Table of Contents


The Northwest Territory
History of Dallas County
War History Cities and Towns


Read the Book - Free

Download the Book - Free ( 24.2 MB PDF)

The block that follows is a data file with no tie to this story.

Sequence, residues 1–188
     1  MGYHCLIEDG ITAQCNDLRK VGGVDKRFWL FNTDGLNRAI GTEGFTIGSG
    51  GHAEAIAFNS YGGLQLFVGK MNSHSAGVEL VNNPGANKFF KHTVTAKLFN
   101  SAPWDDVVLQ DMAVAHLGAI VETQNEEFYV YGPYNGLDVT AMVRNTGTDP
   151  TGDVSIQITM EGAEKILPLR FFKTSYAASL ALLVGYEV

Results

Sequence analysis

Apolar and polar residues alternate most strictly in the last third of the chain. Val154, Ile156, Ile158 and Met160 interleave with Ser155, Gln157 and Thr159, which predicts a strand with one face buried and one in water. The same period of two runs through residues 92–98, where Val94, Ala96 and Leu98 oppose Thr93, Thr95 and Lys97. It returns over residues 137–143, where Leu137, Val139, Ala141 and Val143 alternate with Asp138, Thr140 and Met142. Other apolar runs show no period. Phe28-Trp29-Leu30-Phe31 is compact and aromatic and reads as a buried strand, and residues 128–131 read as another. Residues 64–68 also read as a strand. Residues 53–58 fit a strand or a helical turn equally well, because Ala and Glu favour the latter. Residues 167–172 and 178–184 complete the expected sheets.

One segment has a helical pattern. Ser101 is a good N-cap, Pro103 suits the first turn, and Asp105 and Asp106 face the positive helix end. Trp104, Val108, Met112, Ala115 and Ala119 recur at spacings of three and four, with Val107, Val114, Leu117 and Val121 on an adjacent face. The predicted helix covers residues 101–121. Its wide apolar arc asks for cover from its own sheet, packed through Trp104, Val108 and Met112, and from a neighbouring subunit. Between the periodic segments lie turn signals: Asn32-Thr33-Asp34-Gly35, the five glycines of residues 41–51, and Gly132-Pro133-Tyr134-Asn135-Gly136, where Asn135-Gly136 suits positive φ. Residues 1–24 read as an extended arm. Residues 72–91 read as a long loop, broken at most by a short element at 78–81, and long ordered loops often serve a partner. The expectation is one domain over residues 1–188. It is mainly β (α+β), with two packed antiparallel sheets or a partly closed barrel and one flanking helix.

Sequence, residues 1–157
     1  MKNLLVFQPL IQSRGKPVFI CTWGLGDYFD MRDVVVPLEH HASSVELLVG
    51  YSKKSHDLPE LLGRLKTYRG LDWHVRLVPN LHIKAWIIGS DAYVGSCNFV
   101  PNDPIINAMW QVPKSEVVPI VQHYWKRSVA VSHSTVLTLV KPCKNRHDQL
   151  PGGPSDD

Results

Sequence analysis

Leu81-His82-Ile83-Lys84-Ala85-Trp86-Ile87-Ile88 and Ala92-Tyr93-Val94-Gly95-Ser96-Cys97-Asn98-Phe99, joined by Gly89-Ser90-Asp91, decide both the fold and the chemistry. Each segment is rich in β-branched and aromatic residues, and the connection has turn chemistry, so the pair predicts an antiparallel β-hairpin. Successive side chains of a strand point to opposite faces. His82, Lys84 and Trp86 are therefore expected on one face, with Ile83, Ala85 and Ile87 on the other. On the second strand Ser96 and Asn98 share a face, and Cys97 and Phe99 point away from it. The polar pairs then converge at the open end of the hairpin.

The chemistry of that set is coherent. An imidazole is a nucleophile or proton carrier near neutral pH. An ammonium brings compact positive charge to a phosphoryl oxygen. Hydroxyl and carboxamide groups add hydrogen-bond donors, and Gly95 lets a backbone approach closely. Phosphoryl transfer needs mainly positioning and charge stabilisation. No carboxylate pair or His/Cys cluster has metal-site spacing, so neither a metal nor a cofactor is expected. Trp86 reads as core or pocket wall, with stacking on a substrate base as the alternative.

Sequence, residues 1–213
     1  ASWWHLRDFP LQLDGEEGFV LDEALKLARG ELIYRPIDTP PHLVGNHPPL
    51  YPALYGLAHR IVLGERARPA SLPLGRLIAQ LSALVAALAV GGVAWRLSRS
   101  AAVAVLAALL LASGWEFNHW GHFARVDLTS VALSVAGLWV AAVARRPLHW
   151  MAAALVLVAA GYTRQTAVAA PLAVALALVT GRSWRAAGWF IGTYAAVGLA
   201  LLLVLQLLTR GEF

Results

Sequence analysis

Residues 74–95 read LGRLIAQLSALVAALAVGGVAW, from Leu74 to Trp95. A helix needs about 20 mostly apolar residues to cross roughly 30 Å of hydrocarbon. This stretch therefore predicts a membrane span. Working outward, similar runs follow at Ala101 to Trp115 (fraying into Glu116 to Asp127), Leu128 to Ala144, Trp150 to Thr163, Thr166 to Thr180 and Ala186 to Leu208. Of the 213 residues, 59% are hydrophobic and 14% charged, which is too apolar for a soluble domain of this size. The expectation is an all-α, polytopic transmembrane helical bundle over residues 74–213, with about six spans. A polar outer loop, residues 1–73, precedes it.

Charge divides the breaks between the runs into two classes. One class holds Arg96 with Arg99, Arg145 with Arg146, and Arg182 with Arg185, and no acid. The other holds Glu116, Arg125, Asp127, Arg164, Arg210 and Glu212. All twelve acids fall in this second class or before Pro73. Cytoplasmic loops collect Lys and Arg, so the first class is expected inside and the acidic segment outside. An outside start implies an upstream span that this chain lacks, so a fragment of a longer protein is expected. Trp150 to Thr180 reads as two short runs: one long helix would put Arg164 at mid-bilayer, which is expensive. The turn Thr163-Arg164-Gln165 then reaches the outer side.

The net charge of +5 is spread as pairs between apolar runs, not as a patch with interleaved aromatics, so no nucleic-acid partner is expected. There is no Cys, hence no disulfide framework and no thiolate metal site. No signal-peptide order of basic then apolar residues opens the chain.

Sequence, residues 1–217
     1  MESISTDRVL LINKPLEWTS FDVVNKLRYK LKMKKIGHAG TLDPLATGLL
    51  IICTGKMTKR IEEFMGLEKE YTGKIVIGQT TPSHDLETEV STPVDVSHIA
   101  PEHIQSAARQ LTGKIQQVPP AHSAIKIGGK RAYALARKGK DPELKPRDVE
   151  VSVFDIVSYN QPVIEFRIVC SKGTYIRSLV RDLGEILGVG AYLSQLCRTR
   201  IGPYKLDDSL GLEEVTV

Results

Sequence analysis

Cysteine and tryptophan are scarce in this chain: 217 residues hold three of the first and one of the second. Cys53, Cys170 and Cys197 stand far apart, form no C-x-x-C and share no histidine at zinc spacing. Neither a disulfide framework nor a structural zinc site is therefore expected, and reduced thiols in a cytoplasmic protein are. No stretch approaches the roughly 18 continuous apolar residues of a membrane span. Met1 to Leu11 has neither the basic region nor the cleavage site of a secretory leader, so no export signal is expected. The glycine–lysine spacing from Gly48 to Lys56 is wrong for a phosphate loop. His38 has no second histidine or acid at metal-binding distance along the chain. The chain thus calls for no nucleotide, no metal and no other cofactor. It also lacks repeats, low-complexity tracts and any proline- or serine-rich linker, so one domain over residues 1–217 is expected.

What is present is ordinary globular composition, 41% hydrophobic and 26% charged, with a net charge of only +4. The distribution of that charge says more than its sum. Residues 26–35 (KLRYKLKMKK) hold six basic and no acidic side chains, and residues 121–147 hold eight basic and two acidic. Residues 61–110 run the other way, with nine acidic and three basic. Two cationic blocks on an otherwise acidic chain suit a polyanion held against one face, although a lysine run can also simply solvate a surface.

At the time the Articles of Confederation and Perpetual Union were pending a number of the States held, or claimed, large tracts of territory not now included in those States. New York, Virginia, Massachusetts, Connecticut, South Carolina, North Carolina and Georgia, all held such territory. Virginia claimed all that vast region which now embraces the States of Ohio, Indiana, Illinois, Michigan, Wisconsin and that part of Minnesota east of the Mississippi river. That State had made provision, by legislative enactment, to dispose of her lands to settlers. Certain States, claiming that the unoccupied western lands were rightfully the common property of all the States, insisted on limiting the area of those States claiming western territory. This was a subject of warm and protracted discussion in the adoption of the Articles of Confederation. The delegates from Maryland, under instructions from the General Assembly of that State, declined, in the Congress of the Confederation, to sign the Articles of Confederation until provision was made for restricting the boundaries of the States, and vesting the soil of the western territories in the Confederation for the common benefit of all the settlers. Virginia had remonstrated against this course. On the 25th of November, 1778, the act of New Jersey for ratifying the Articles of Confederation was presented in the Congress. Her delegates were directed to sign the articles "in the firm reliance that the candour and justice of the several States will, in due time, remove as far as possible the inequality which now subsists."